WASHINGTON -- Security for subways and commuter trains varies by city, but one thing all mass transit systems share is this: They're vulnerable to attack and no technology on the horizon promises to change that.
The Homeland Security Department has looked at high-tech ways to improve transit security but hasn't instituted anything since testing a system last year. Security officers and bomb-sniffing dogs remain the primary ways to combat terrorists.
Rafi Ron, former head of security at Israel's Ben Gurion Airport and now a security consultant in Washington, said there are no technological quick fixes for mass transit systems.
"Very little technology can be applied in this area in an effective way," Ron said.
The reason is fairly simple: Mass transit systems exist to move large numbers of people quickly over a large metropolitan area. Anything that slows down the process, such as security checks, would severely disrupt the systems.
Following the March 11, 2004, train bombing in Madrid that killed 191 people, the Transportation Security Administration tested a high-tech security system at a suburban Maryland commuter train stop. Walkthrough portals "sniffed" the air around passengers to check for explosives residue.
The agency said the tests went well but none of the machines have been installed at train stops. They are being used at some airports.
Homeland Security Department spokesman Russ Knocke said the pilot project showed such technology could be used if a specific threat were directed at a specific transit system.
The TSA also experimented with screening checked baggage on long-distance Amtrak trains leaving Washington's Union Station. Screeners used a combination of X-ray machines, bomb-sniffing dogs and handheld wands that sense minute traces of explosives.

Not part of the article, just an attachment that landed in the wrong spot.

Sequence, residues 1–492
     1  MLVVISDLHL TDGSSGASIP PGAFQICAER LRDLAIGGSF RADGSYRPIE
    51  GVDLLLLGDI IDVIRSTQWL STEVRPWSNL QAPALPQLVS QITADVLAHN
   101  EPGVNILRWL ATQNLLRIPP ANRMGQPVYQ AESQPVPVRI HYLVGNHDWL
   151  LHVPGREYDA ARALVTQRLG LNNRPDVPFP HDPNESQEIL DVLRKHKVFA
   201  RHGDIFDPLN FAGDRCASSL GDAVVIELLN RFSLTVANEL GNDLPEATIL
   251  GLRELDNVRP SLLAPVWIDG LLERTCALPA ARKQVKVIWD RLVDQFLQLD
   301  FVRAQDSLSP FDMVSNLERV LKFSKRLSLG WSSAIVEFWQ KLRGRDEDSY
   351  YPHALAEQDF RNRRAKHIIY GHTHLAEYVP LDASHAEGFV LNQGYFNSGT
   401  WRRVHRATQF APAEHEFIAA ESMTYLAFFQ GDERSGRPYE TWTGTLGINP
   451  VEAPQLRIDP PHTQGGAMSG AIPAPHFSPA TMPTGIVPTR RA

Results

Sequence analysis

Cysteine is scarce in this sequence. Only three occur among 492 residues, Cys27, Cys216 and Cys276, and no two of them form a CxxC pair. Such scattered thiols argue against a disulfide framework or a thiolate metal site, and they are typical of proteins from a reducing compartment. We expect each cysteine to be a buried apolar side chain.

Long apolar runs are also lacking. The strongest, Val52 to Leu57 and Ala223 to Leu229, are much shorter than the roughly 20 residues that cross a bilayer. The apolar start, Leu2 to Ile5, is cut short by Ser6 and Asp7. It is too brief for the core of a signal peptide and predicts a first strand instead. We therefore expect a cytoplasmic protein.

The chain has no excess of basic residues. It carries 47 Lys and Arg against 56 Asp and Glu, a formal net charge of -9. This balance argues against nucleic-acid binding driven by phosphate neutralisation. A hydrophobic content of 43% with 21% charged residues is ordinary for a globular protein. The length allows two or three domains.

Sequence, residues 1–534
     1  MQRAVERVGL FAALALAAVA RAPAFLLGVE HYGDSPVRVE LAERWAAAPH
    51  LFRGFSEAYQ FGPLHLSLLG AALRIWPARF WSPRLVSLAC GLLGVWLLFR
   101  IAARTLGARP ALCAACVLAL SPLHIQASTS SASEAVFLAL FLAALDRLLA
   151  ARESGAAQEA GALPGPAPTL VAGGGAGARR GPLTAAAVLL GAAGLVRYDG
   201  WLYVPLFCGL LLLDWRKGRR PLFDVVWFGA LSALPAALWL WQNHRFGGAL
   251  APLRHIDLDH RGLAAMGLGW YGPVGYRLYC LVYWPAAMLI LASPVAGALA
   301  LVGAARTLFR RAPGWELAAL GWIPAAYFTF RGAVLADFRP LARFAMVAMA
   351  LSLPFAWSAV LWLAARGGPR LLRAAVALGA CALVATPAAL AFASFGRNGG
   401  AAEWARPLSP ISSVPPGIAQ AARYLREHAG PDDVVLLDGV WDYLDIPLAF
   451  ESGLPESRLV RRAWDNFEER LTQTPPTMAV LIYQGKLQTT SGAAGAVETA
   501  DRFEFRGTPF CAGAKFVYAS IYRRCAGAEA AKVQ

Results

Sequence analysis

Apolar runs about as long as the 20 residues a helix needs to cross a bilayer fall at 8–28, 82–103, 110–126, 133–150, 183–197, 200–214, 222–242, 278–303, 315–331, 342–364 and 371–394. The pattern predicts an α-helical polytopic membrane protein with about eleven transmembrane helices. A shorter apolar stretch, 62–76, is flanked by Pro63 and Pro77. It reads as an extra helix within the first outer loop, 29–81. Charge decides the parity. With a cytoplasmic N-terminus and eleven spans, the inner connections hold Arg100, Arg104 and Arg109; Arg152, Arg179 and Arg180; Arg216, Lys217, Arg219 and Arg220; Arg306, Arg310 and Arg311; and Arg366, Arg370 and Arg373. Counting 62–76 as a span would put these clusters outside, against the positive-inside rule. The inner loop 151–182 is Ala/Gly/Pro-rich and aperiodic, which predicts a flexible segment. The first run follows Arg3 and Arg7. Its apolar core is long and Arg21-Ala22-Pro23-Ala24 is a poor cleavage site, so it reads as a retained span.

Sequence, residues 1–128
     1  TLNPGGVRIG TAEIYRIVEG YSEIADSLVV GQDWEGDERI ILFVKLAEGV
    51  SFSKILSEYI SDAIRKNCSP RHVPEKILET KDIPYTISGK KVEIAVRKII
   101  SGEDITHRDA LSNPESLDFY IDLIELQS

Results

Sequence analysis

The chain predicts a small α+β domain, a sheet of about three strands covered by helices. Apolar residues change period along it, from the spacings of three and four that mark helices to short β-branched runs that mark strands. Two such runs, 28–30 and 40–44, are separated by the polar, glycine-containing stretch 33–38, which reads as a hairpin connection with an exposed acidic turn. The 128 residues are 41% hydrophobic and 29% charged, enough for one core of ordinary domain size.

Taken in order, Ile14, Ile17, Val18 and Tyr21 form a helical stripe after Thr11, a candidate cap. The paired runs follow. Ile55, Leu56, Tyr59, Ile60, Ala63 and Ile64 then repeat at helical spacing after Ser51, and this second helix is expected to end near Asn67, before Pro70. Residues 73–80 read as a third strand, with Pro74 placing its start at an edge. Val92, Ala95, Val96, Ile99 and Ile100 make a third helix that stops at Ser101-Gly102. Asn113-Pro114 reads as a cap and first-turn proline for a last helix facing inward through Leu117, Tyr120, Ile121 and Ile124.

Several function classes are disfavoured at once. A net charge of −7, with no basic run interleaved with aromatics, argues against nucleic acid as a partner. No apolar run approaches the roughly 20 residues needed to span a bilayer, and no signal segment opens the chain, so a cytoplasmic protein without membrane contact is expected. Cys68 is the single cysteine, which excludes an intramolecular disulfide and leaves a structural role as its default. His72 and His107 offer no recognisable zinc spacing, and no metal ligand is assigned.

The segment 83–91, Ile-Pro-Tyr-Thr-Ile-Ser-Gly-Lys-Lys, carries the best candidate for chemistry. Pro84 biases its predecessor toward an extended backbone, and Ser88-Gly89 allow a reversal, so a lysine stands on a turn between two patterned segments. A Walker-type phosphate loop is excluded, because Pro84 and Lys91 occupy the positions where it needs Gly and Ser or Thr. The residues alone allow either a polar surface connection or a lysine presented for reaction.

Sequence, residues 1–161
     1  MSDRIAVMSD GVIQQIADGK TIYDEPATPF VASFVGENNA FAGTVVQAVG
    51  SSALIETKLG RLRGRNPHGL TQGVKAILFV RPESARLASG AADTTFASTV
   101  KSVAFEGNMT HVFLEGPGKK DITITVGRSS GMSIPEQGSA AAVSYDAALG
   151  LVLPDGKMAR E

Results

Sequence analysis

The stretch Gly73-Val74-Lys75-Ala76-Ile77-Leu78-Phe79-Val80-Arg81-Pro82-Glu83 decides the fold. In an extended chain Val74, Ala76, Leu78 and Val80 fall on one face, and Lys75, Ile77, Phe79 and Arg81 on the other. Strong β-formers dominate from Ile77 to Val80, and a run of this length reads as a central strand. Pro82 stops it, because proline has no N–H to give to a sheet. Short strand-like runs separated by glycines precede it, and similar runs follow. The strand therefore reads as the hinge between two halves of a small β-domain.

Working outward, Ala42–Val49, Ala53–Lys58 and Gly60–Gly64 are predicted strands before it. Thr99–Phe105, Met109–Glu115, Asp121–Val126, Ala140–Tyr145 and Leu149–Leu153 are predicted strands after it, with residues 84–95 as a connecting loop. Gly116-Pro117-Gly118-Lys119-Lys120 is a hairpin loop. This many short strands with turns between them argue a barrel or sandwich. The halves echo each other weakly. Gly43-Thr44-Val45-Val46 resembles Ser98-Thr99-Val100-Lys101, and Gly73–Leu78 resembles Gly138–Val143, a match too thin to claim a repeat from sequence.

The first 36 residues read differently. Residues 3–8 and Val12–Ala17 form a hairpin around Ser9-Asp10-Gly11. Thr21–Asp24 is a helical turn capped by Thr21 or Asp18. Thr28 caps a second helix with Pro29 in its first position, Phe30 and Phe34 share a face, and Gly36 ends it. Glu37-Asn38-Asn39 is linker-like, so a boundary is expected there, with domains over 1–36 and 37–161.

Amtrak spokeswoman Marcy Golgoski said there aren't any TSA programs to screen people or bags at the passenger railroad stations.
"They were happy how the testing went, but I don't know if they decided anything on the testing," Golgoski said.
In another test, the TSA screened passengers as they boarded trains.
"Screening for explosives at airports and airlines makes abundant sense," said Jack Riley, a homeland security expert at the Rand Corp. think tank. "Screening for explosives on trains is going to be expensive and time-consuming."
And so transit officials, after learning of the terrorist attack in London, resorted to traditional low-tech ways to provide security.
In New York City, which has by far the largest transit system, police patrols were increased, more packages were inspected and bridges and tunnels were put under more intense surveillance. In Washington's busiest subway stations, officers roamed the crowds, stood near ticket entrances or led bomb-sniffing dogs through the trains, changing cars at each station.